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Papa Gino's Perfects Non-Absorbent Napkin
DEDHAM, Mass. (CAP) - In what is being hailed as a miracle of modern fast food, researchers at the prestigious Papa Gino's Holdings Laboratory have announced the creation of a new environmentally-friendly napkin that resists all liquids it comes in contact with yet still obtains the look and feel of a regular napkin.
"It looks like a napkin, tears like a napkin, but doesn't do a damned thing," said Dr. Leon Hoover as he demonstrated the cutting-edge technology by using one of the napkins to push a small puddle of liquid clear across a table without making the napkin wet.
The new napkin, whose patent is currently pending, consists of a top layer, an absorption-resistant layer, and a hollow layer riddled with ventilating holes to help keep the napkin dry. Two adjacent isolating layers allow air convection to disperse liquid so that foreign matter is quickly drained and dissipated thanks to a chemical qualitative change of the absorption-resistant layer.
"You mean they intentionally made it this way?" asked one Papa Gino's patron in Gilford, NH as he smeared sauce across his four-year-old son's cheek. "Well, I guess that instead of being pissed my boy looks like Heath Ledger from The Dark Knight, I have to say I'm pretty impressed."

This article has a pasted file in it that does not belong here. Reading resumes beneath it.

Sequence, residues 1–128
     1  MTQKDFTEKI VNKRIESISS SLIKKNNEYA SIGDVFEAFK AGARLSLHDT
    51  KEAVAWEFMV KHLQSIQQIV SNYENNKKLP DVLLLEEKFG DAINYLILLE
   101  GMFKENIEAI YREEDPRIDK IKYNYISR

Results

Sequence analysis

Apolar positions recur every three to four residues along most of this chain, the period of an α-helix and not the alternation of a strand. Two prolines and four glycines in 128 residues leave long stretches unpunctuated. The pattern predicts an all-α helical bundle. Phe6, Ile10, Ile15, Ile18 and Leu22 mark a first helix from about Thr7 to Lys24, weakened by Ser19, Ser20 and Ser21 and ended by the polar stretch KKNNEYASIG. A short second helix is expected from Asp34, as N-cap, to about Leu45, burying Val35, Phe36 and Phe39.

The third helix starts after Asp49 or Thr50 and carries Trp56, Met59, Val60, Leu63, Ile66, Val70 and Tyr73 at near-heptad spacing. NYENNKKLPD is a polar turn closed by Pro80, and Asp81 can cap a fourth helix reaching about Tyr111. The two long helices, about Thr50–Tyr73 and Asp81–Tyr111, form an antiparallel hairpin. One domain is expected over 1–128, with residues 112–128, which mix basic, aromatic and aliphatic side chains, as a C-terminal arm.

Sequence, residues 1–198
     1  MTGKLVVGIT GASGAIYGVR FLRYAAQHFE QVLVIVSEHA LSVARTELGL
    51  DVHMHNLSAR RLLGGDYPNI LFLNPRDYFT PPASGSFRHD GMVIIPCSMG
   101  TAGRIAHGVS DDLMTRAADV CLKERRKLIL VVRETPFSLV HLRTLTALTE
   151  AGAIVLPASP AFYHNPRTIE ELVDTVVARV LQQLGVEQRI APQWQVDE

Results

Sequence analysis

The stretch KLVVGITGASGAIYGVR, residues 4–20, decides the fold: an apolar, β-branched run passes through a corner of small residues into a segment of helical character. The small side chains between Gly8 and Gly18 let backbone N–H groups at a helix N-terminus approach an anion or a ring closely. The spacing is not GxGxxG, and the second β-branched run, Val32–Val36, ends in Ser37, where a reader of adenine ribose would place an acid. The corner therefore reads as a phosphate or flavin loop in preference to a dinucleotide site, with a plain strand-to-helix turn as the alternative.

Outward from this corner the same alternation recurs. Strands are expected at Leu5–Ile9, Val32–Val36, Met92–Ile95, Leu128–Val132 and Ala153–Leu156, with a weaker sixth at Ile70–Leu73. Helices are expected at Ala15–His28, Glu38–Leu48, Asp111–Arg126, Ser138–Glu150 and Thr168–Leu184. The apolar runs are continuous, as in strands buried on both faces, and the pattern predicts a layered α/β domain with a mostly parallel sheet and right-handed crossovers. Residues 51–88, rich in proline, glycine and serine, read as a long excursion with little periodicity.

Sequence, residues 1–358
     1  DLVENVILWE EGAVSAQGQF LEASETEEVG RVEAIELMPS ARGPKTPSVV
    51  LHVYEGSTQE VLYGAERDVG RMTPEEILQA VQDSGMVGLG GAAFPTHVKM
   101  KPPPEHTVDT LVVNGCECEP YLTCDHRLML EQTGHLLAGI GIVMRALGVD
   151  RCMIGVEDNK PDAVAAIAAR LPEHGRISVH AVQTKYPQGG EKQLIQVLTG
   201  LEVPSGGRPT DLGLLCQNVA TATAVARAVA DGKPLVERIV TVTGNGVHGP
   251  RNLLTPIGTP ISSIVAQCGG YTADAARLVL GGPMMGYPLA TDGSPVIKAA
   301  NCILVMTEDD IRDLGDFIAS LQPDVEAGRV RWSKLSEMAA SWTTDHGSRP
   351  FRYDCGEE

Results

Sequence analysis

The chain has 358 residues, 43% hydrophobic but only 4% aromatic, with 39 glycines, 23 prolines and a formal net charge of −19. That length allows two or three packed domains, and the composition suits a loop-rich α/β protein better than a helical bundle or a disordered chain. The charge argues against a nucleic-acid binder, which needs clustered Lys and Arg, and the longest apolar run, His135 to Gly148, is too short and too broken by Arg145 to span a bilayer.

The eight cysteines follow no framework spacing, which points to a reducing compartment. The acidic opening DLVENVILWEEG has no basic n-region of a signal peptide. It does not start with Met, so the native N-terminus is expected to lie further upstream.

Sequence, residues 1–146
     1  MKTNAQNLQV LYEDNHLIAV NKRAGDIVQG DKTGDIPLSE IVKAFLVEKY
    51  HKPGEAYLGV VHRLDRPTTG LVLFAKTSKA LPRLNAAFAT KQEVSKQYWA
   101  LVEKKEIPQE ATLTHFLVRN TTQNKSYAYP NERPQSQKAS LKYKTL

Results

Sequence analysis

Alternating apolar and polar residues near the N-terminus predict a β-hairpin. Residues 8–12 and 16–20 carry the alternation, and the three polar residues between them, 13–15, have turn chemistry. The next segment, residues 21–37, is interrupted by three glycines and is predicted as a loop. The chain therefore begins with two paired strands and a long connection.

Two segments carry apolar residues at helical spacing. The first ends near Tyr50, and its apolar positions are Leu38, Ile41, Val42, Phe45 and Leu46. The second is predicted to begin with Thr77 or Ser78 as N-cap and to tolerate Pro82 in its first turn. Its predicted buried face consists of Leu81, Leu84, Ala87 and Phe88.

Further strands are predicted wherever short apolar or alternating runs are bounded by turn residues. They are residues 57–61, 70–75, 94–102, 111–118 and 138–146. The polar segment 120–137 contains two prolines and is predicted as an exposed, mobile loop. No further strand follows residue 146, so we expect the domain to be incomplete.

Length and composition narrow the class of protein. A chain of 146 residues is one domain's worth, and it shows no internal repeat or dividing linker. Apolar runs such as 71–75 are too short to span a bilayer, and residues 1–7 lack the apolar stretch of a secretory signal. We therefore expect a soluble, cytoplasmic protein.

Papa Gino's CEO Thomas Galligan says the economic implications of the new serviette are fairly substantial, as early estimates show the average Napkin Reuse Factor of the company's more than 200 locations to possible triple. The NRF determines what percentage of napkins left on restaurant tables can be put back into dispensers for use by other patrons.
"And fishing those bad boys out of the toilet won't be such a hassle since they won't be all soggy and stuck to the side of the bowl," said Galligan. "But I'm not ready to take the signs down instructing people what can and can't go into a toilet because people just don't get it."
Ironically, company scientists first hatched the idea when they scribbled a prototype version on the back of a napkin, but had to redo it multiple times when table spills kept smudging the drawings. Company pitchman Tedy Bruschi has reportedly already begun taping a series of commercials featuring the new napkin.
The Papa Gino's achievement is not the first innovation in restaurant napkins. For years, McDonald's has been infusing their napkins with French fry grease such that customers who wipe their mouths often find themselves getting hungry for more fries. The fast food chain hopes to actually make their napkins edible by the end of the year.